The nostalgist R&B singer Nick Waterhouse brought a huge backing band out for his album-release set at the Center for the Arts Eagle Rock last night -- three sax players, two backing vocalists, two drummers, a bassist and keyboardist, by my count. Dressed in era-perfect suits and dresses for Waterhouse’s svelte sound, they played like star students of Stax’s brass sunshine and James Brown’s funky drumming.
Any sold-out set that sends L.A.’s cool kids back to the early R&B staples is worthy, and the 25-year-old Waterhouse’s aesthetic -- vintage soul refracted through three decades of hip-hop’s sampling of vintage soul -- looks and sounds absolutely great. But last night’s show couldn’t shake a small feeling that it was like listening to Sam Cooke wearing gloves. Waterhouse is such a good student of R&B that sometimes you just want to loosen his tie and make him feel it more.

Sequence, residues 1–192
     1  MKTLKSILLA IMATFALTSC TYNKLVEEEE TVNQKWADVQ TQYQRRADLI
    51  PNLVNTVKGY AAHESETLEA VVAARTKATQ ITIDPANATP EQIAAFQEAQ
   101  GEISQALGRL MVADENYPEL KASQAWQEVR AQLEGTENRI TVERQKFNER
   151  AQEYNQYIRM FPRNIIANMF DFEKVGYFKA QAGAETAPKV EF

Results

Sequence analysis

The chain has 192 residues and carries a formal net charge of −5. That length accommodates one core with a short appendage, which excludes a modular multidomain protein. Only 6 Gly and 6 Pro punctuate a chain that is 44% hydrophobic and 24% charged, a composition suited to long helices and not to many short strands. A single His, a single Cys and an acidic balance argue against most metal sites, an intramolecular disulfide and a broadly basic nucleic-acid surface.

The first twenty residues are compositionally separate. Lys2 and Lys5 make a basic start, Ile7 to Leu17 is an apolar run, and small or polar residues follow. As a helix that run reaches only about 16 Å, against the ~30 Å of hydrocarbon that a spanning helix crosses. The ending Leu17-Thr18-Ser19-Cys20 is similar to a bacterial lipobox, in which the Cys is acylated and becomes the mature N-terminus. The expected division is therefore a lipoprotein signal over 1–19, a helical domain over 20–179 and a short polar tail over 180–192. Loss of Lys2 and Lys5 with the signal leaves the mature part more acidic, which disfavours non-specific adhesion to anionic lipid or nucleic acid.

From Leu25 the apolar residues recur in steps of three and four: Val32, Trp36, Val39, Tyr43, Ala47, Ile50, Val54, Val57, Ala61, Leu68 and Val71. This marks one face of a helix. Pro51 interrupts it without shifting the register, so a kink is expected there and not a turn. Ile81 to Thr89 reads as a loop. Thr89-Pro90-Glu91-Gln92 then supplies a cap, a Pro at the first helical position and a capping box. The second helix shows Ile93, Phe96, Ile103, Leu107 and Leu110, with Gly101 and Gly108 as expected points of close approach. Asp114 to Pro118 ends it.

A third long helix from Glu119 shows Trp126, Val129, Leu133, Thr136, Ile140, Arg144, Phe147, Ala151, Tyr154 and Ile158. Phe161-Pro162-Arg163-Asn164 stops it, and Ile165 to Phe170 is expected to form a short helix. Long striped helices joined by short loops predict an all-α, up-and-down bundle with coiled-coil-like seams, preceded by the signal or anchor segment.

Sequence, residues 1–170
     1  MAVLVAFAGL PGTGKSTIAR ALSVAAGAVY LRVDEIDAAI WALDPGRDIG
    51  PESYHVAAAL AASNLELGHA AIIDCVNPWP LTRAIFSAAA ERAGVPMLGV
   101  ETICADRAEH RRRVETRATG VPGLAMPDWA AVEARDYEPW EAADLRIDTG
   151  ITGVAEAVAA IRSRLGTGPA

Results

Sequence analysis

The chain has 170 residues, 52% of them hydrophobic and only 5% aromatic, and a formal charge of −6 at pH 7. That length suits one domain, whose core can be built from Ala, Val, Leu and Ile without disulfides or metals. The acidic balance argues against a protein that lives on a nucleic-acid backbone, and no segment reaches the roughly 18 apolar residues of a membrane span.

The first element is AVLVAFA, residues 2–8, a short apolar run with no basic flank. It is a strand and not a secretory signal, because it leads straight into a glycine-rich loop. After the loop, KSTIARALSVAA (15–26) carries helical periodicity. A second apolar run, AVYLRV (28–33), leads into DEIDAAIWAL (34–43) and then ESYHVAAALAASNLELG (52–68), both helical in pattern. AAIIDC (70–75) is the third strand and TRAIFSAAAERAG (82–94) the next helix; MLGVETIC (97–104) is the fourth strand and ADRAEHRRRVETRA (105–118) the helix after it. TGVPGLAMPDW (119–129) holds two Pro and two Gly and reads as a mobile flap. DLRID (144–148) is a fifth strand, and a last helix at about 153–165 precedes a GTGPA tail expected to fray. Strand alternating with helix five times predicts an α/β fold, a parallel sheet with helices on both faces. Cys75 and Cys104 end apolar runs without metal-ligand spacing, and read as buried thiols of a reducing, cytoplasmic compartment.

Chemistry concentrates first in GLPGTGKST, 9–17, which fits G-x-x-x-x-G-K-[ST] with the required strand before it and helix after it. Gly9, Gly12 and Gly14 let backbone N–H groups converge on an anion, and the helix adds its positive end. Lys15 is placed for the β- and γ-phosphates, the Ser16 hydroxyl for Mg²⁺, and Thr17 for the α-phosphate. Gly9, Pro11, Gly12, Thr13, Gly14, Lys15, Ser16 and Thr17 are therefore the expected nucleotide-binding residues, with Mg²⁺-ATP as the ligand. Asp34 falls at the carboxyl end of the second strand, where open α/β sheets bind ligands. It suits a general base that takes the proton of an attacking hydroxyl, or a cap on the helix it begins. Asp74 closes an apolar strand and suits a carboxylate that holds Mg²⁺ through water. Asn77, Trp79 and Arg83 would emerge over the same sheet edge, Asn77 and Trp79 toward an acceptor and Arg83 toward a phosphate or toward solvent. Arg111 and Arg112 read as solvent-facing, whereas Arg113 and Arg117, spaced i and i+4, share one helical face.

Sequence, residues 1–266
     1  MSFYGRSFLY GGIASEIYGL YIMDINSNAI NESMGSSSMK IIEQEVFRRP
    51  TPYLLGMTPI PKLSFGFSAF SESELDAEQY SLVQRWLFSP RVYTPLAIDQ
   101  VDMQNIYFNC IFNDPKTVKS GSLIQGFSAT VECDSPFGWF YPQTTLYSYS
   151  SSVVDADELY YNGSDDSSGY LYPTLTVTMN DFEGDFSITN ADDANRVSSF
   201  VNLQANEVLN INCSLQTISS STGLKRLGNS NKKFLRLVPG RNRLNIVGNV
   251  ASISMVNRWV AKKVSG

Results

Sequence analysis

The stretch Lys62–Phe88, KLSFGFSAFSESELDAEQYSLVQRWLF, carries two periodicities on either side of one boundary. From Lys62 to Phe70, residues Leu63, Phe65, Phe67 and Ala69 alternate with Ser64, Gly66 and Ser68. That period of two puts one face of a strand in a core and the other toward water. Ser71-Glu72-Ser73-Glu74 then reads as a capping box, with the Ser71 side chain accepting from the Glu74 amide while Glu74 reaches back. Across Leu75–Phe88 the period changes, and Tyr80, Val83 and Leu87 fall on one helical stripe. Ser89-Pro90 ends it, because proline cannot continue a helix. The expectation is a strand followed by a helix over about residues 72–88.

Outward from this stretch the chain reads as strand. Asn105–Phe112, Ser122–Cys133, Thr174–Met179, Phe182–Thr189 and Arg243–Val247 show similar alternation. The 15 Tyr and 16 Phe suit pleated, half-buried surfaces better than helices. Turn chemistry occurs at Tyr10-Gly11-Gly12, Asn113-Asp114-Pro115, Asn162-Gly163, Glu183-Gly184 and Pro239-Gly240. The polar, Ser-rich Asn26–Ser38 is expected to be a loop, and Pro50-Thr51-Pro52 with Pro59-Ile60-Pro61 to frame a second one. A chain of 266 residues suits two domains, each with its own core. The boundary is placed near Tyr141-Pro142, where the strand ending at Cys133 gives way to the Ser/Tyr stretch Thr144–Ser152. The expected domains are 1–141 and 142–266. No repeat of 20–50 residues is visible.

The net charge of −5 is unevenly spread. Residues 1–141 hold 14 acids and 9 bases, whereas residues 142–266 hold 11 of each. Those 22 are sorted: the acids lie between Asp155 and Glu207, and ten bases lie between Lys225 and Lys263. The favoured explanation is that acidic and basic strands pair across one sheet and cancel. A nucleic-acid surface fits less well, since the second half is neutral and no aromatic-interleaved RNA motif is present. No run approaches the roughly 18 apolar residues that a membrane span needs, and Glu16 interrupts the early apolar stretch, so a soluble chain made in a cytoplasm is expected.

Waterhouse’s debut for the ever-more-essential Innovative Leisure imprint, “Time’s All Gone,” relies on using simple elements perfectly: tight, spare horns; a little gain on his vocals; tasteful guitar soloing in the breaks between choruses. The Center for Arts is a lovely venue, but its acoustics can wash out a large band that needs precision to shine.
Those are small quibbles when a band can blow the roof off, and Waterhouse’s ensemble played with the seasoning of a Motown group that’s had 30 years to perfect their hits. “I Can Only Give You Anything” had a finger-snapping swagger; the street-fighting taunt of “If You Want Trouble” felt totally endearing. He keeps his guitar talents muted on record, but live Waterhouse peels off runs to crack your horn-rims.